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Looking for Market Integrity in China

Economic forces globally are driving conformity in a wide range of practices, says Reuben Guttman of Guttman, Buschner & Brooks PLLC.

In Hong Kong’s financial district, high end stores like Cartier, Rolex and Burberry outnumber fast food chains like McDonalds and KFC, while up north on Nanjing Xi Lu road in Shanghai, that city’s bustling version of Fifth Avenue, has become a haven for the world’s most high end retailers. With political and cultural difference tempered by economic goals, Hong Kong and mainland China are searching for mechanisms to create greater integrity in financial markets and generally maintain China as a place for investment.

New research

The CFA Institute, a global association of 115 thousand financial analysts, released the results of its Global Market Sentiment Survey of its members at a conference recently held in the city. Although seventeen percent of respondents said that China would provide the best investment opportunity in 2013 – second only to the United States with 32 percent, a majority do not expect the global economy to expand this year and believe that the currently level of integrity for global markets is poor. Over half of the members cited concerns about the ethical culture within financial firms as the source of this lack of integrity, but respondents in Europe and China differed greatly about the most serious ethical issue in the coming year. Respondents in Europe cited the mis-selling of products by financial advisors, but respondents in China cited market fraud and the integrity of financial reporting as substantially greater concerns.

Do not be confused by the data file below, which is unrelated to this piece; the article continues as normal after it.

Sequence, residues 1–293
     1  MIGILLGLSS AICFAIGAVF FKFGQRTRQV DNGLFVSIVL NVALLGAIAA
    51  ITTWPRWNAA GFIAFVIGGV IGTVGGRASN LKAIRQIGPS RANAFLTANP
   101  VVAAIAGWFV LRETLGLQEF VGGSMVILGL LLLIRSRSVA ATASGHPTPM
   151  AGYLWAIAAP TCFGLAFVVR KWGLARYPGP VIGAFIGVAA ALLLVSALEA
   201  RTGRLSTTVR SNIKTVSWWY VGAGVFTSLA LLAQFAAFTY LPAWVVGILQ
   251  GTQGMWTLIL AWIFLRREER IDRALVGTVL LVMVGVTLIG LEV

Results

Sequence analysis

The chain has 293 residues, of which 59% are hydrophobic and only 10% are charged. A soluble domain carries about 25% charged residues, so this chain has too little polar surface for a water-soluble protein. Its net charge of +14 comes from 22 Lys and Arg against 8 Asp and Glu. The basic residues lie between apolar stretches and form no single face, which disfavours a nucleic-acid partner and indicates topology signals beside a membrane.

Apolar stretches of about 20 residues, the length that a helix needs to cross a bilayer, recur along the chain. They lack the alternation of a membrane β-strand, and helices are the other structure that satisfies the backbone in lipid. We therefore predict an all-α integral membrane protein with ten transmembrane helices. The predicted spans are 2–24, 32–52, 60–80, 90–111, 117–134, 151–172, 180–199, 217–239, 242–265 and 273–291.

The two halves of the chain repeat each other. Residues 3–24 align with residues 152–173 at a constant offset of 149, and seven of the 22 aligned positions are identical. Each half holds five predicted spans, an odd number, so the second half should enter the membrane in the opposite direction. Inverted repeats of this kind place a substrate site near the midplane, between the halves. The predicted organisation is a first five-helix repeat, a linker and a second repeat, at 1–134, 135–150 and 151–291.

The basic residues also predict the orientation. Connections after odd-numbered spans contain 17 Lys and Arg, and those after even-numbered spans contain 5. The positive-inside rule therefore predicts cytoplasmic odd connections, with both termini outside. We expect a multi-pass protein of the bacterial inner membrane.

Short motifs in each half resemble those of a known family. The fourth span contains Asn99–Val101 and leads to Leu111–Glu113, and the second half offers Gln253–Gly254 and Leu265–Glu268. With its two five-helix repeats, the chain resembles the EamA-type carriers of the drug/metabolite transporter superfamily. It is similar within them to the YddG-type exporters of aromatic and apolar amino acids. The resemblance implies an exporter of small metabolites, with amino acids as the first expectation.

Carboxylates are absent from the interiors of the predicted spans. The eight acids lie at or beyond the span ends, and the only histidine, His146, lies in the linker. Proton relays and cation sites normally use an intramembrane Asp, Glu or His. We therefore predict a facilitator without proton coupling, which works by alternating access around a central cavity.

Responding to concerns

Hong Kong appears to be aggressively seeking out ways to respond to these concerns and strengthen investor confidence by providing rights of redress. With the encouragement of the Hong Kong government, the Financial Dispute Resolution Centre has been launched. The FDRC provides rights of redress for small investors with losses up to 500 thousand Hong Kong dollars, or roughly the equivalent of 75 thousand US dollars and 50 thousand British pounds sterling. Hong Kong is also looking at implementing a class action law that will allow investors to aggregate their claims to pursue securities fraud cases.

Bringing conformity

Interest in these changes, at least in Hong Kong, is running high. An investor conference sponsored by the CFA and the International Investor Education Foundation drew nearly 200 participants at the city’s Four Seasons Hotel at the International Financial Center on Hong Kong Island. Speakers included Anthony Neoh, former Chief Advisor to the China Securities Regulatory Commission (CSRC), Paul Smith, Managing Director Asia Pacific, CFA Institute, and Sou Chiam, CEO, Financial Dispute Resolution Centre Ltd. Whatever the outcome of the discussions at this conference, one thing is clear: economic forces in this global economy are driving conformity of financial practices, ethics, and perhaps regulation.

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